25 Repolarized zMembrane pumps quickly restore the original status or condition zThe positive charge outside is reestablished once again and resting membrane potential is restored

26 Neuromuscular Junction zEach fiber is controlled by a motor neuron at a neuromuscular junction zMotor neurons stimulate muscle fibers zAcetylcholine (ACh ) is released into the synaptic cleft with the arrival of an action potential zACh diffuses across the cleft, binding to receptors on the motor end plate, initiating a muscle action potential

27 Once initiated, the action potential is unstoppable and self-propagating

28 RELAXATION zResting membrane potential is restored by: yAcetylcholinesterase yactive transport pumps that pump Ca +2 ions back into the sarcoplasmic reticulum yCalsequestrin – binds calcium

29 Role of ATP zUsed to activate the myosin head in order to bind to actin zAfter power stroke, ATP used to break the bond between actin and myosin zATP used to pump calcium back into the SR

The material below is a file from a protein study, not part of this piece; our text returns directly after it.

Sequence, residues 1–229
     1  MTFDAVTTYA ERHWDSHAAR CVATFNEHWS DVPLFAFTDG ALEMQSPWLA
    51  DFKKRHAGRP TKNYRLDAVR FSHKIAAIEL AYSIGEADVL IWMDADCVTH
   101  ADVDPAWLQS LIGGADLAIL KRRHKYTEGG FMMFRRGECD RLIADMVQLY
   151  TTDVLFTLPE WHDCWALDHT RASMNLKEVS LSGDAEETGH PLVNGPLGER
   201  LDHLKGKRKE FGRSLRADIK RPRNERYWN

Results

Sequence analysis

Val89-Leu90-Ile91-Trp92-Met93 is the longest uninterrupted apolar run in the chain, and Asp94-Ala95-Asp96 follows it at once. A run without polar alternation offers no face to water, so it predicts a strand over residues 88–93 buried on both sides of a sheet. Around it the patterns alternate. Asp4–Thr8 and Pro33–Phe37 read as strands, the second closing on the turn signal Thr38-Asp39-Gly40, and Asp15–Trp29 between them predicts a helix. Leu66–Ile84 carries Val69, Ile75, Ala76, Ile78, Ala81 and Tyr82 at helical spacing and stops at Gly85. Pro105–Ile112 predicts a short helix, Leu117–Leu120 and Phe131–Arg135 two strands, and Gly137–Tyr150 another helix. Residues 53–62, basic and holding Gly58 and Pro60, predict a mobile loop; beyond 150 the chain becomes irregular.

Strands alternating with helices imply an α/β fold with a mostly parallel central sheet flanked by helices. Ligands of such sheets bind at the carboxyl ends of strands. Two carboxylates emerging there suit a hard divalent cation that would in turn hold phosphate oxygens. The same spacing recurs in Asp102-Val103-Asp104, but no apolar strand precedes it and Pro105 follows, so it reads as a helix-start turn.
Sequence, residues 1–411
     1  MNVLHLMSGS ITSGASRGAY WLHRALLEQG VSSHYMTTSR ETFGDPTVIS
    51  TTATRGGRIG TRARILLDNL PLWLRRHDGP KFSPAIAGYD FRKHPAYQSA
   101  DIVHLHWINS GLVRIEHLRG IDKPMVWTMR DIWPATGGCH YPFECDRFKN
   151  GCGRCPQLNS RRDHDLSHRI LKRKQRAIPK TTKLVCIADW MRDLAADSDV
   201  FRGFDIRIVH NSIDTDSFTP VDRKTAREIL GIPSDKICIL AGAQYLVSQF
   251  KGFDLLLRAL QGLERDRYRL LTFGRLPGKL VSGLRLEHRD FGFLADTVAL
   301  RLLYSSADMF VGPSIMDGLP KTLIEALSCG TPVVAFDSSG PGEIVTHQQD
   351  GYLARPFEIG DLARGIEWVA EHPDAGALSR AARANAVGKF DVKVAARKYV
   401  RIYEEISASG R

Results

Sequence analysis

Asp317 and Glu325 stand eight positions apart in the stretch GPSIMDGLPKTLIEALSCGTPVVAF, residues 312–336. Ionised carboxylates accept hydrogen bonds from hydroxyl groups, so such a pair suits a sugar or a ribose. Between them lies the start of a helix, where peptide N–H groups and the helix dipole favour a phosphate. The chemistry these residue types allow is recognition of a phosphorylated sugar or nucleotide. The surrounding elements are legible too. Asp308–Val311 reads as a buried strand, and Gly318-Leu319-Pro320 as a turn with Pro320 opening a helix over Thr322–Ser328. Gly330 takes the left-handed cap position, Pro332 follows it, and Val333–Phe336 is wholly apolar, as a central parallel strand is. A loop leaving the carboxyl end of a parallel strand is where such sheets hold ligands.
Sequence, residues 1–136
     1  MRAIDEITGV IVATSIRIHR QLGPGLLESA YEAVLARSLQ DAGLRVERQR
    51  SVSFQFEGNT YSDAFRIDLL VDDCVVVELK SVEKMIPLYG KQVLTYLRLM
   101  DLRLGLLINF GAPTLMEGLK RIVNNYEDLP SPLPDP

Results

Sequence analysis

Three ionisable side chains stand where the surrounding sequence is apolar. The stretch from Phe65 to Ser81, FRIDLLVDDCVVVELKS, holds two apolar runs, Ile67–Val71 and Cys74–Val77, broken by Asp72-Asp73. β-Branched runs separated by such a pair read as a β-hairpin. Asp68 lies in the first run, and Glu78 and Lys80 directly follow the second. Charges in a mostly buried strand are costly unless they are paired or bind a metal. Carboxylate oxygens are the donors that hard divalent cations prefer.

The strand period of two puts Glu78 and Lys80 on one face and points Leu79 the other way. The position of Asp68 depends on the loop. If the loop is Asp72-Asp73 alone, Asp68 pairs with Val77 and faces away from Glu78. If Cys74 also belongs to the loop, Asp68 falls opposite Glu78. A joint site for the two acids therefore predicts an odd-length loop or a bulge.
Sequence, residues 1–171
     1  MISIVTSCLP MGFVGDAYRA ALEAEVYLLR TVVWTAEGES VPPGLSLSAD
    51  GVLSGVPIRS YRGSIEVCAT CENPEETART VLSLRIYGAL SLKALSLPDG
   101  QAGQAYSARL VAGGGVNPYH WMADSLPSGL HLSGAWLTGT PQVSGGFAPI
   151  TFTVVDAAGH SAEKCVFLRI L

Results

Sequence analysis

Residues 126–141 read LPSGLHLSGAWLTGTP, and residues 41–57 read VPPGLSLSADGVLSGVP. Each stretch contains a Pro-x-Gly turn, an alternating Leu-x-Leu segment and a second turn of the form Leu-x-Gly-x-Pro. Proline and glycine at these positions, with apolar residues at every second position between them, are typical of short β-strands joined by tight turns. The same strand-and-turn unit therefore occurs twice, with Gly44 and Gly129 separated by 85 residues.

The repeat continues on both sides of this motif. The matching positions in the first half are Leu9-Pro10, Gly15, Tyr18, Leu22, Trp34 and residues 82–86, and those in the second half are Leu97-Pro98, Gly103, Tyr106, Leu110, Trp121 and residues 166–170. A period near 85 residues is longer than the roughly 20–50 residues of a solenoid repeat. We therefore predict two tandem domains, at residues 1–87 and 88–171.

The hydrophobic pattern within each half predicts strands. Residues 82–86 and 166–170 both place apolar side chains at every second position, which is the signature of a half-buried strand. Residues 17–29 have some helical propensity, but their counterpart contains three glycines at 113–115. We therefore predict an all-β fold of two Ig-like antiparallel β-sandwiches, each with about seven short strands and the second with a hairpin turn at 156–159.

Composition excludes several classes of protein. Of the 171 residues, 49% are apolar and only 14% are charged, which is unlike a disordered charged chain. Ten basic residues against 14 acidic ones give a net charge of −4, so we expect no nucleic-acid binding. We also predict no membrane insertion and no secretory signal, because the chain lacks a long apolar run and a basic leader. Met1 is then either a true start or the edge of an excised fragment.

30 Production of ATP for muscles zDirect phosphorylation yCreatine phosphate couples with ADP to form ATP yProvides about 15 sec of energy zGlycolysis yGlucose broken down anaerobically yProduces lactic acid as waste product yProvides about sec of energy zAerobic Respiration yGlucose broken down with oxygen yHours of energy

31 Muscle Fatigue zInsufficient oxygen zBuild-up of lactic acid zDepletion of glycogen zRECOVERY OXYGEN CONSUMPTION yOXYGEN DEBT

32 ALL - or -None Principle zMuscle fibers will contract fully OR not at all once they are stimulated zThreshold stimulus yminimal level of stimulation needed to cause the muscle to contract

33 Motor Units z Motor units - motor neuron and all the muscle fibers it controls zNumber of muscle fibers in motor unit will vary z The fewer the number of fibers per motor unit, the more precise the contraction z The number of motor units being stimulated will determine the strength of contraction of the entire muscle

34 Muscle Contraction zTwitch contraction yrapid, jerky contraction to a single stimuli yphases: latent, contraction, relaxation,refractory zWave summation yincrease in the strength of muscle contraction due to rapid successive stimulation zTetany ycontinuous, smooth, sustained contraction